Soft For Digging
SOFT FOR DIGGING
USA 2001 : J T Petty : 77 mins
A blackly comic, bracingly experimental no-budget horror film, Soft For Digging was filmed at roughly the same time as The Blair Witch Project in another corner of the same Maryland forests. But while Blair Witch relied on endless chatter to propel its plot, Soft For Digging is virtually wordless, with only three brief bursts of dialogue. Writer-director Petty instead harks back to silent movies and literary forebears by dividing his narrative into discrete sections: ‘Chapter I: In which we are introduced to Virgil Manoven; His very bad cat runs off.’
Manoven (Edmond Mercier) is a seventysomething recluse minding his own business in his remote rural farmhouse (he’s a close cousin of the crotchety hermits that populate Cormac McCarthy’s novels like The Orchard Keeper.) Chasing his errant cat one morning into the woods around his property, Manoven glimpses what looks like the murder of a young child. He reports the matter to the police but (a la Blow-Up) there’s no body to be found. Troubled by disturbing dreams, he investigates further and eventually is ‘guided’ to a spooky orphanage where events take a supernatural turn.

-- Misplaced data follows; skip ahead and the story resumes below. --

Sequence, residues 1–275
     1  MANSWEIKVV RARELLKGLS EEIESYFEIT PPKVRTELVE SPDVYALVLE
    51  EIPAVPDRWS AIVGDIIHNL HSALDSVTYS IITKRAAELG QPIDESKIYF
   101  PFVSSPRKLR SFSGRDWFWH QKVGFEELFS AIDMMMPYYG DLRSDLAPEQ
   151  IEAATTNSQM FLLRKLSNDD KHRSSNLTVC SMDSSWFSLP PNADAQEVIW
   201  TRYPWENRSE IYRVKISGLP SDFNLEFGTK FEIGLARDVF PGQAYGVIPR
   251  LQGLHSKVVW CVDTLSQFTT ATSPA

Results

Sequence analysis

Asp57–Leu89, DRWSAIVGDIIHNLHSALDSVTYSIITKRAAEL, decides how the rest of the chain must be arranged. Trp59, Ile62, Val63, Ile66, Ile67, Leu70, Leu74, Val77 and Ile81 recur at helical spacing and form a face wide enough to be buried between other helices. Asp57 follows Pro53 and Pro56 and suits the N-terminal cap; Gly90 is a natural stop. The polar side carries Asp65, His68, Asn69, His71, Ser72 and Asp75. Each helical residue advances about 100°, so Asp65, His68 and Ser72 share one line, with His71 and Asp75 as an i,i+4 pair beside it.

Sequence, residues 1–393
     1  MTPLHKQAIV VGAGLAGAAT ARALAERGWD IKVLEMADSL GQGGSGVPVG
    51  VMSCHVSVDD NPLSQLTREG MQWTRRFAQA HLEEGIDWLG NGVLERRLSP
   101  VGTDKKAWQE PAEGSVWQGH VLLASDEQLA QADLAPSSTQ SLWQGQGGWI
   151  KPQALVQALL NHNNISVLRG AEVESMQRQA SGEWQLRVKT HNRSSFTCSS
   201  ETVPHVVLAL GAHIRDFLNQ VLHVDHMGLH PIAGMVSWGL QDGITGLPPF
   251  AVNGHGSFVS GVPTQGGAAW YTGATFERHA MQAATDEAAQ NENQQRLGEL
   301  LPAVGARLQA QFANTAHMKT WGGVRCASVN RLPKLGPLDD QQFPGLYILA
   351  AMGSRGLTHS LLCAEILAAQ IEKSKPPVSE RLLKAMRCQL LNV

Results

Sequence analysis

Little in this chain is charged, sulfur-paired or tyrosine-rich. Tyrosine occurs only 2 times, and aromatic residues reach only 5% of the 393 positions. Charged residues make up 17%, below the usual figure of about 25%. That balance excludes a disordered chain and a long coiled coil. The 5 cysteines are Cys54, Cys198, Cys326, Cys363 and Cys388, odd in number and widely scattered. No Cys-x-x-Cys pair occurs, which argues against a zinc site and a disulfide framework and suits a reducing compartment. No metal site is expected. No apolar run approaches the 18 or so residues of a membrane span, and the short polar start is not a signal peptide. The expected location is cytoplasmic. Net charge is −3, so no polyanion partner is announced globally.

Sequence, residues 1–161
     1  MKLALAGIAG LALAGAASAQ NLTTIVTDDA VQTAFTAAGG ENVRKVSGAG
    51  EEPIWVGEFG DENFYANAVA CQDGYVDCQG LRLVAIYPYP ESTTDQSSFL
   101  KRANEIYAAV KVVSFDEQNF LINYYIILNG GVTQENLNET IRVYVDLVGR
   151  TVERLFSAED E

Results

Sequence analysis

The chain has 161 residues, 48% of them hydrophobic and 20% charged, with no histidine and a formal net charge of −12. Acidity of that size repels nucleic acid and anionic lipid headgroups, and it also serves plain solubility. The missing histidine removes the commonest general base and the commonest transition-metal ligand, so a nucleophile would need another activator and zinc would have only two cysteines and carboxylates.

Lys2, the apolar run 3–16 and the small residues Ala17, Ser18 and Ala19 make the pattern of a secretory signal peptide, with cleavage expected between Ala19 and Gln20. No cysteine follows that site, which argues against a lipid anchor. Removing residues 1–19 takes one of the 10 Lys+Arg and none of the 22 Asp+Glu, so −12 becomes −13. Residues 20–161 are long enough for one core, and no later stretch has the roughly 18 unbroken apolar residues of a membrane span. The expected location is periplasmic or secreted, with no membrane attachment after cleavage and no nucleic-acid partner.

Petty works wonders on a reported budget of $6,000: eschewing the horror genre’s usual excesses, he patiently and precisely constructs a deadpan fable that juxtaposes the humdrum and the nightmarish. This is a refreshingly bare-bones kind of storytelling, deploying pictures and sounds (a squeaky toy, a boiling kettle, Manoven’s flatulence) to parcel out just enough character and plot information at each stage. Barely 21 when he made the film, Petty shows an especially precocious understanding of the rhythms of old age – on one level, the film can be interpreted as a visualisation of Manoven’s decline into senility. But there are many possible readings of this elliptical, tantalisingly ambiguous miniature: an impressive calling-card from an audacious, innovative film-maker.
click here for an exclusive in-depth interview with J T Petty on Soft For Digging
by Neil Young
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